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NorthGeorgiaWX

April 12-13 Severe Weather Event

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I am going to use this dedicated thread for information and discussion about the upcoming potential severe weather event. It's better to keep it all together. As new information comes in, you'll find it here. 

I'll start it off with this mornings SPC images and I'll add  more as the day goes on. If you are signed up on the forum, you can subscribe to this post and get emailed when new comments are made. 

SPC_CO_Day2State.thumb.png.14af8784df8ba744089577a4c00c9266.png

SPC_WP2_Day2State.thumb.png.d78af8c9b49e336dd79d6a7c9ad82484.png

SPC_TP2_Day2State.thumb.png.ee21304b4eb23043bd0e8da995842864.png

SPC_HP2_Day2State.thumb.png.b51bc0ce82ac17e96e3195958a35a06b.png

 

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I like to read the upstream forecast office discussions to get a feel for their thoughts. Since the weather they are going to see will be moving our way, their insights provide more information that helps us to have a better idea what our weather will be like. 

This is NWS Huntsville

Quote

This seems to be in agreement with the thoughts by the Storm Prediction Center with their updated Day 2 Convective Outlook. This does NOT mean we won't see strong storms all the way up into southern Middle Tennessee. It just means there may be more instability to work with south of the Tennessee River. Low-level shear, on the other hand, is tremendous across our entire forecast area. This is what organizes storms and makes any storms that develop stronger. It's the combination/balance of instability, shear, and a strong lifting mechanism that makes storms severe. What may help with the severe potential despite the lesser amount of instability across far northern Alabama and southern Middle Tennessee would be enhanced vertical motions due to upper-level jet coupling occurring aloft.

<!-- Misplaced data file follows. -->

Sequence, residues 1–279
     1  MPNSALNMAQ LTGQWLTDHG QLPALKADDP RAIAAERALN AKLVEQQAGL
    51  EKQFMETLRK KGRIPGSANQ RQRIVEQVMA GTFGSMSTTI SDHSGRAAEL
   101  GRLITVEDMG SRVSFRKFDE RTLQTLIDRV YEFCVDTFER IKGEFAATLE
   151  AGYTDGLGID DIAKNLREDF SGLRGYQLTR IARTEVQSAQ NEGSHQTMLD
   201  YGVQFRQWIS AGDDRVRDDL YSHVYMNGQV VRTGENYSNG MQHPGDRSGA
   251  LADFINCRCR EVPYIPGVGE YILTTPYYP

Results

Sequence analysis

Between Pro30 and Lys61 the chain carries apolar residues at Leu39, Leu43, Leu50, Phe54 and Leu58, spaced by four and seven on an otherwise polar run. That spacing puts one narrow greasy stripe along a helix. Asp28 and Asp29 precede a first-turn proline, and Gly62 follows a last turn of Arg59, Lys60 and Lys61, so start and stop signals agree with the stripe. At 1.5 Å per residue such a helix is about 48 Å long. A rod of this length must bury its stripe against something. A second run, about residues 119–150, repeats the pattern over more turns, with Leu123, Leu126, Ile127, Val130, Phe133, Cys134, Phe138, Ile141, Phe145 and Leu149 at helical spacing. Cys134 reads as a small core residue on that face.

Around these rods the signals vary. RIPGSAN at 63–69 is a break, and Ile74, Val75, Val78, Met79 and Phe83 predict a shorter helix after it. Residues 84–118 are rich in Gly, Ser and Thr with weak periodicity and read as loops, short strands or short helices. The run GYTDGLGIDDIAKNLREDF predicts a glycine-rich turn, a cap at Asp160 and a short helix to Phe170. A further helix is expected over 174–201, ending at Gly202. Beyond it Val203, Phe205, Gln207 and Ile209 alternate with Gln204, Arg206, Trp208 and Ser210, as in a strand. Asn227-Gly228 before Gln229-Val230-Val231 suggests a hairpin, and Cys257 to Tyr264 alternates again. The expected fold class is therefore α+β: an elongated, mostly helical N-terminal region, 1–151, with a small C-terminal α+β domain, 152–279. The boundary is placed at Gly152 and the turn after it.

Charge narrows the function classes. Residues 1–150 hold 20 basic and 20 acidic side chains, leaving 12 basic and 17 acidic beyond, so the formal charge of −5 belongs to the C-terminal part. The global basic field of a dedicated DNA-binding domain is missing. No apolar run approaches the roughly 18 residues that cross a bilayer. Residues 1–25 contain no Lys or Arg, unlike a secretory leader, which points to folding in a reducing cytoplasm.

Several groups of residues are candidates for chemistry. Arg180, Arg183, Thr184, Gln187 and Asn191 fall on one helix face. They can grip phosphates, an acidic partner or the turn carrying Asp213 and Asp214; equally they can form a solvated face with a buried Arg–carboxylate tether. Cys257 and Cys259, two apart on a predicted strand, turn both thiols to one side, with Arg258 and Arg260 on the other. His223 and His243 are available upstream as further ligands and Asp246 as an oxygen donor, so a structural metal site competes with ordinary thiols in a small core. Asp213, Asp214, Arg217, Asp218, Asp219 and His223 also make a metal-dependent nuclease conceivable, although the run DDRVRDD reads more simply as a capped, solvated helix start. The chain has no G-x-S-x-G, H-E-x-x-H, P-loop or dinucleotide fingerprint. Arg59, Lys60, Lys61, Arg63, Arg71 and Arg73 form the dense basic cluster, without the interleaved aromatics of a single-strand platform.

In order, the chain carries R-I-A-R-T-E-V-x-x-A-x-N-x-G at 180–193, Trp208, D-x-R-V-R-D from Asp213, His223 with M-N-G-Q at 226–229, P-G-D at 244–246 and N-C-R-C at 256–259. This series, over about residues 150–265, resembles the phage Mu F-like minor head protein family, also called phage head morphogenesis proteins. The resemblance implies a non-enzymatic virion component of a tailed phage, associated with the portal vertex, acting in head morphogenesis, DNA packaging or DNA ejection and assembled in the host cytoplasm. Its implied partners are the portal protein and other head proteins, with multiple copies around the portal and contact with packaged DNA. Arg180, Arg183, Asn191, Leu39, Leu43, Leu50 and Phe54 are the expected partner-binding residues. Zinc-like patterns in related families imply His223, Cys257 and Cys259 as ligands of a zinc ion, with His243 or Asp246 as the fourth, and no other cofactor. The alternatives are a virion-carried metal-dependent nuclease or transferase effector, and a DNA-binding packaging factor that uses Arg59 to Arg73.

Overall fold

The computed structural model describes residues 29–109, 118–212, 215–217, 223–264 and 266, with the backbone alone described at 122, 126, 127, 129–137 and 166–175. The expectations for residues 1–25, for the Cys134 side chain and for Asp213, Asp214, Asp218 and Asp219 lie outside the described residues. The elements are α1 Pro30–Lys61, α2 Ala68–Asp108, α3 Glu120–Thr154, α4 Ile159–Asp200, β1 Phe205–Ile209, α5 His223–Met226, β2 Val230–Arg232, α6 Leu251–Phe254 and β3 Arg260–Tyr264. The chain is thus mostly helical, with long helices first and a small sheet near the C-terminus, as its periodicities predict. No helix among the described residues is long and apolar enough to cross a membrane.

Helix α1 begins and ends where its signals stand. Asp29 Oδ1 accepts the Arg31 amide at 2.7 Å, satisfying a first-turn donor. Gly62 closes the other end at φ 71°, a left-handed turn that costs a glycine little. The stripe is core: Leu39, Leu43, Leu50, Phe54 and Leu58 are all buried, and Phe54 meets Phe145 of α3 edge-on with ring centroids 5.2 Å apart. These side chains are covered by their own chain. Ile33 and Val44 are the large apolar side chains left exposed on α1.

In general, our thoughts right now based on high-res models would suggest the first round develops along the lifting warm-front and will likely be more of a line feature. With ample shear in place, there is the potential for severe storms embedded in this line, but it probably won't be the biggest threat for the day. That will probably lay with the second round that moves through during the late afternoon/evening hours after we have had a chance to advect in higher dew points as well as maybe some sky clearing which will help to destabilize the region. This line looks to develop as discrete supercells over eastern Mississippi and may merge more into a line across northern Alabama. This will probably be when we will have our best chance for tornadoes, large hail, and damaging winds.

Overall, there is still a lot of uncertainty in the details of the forecast for Sunday. We will have to watch where the MCS develops in the morning, how far north the warm front lifts with clearing for better destabilization, and then how the modes of convection hash out. As of now, in our forecast all modes of severe weather are in play. Make sure you have plans in place NOW for what you need to do in the event of a Severe Thunderstorm or Tornado Warning. Just a reminder, straight-line winds can do nearly as much damage as a tornado. Be weather aware throughout the day on Sunday.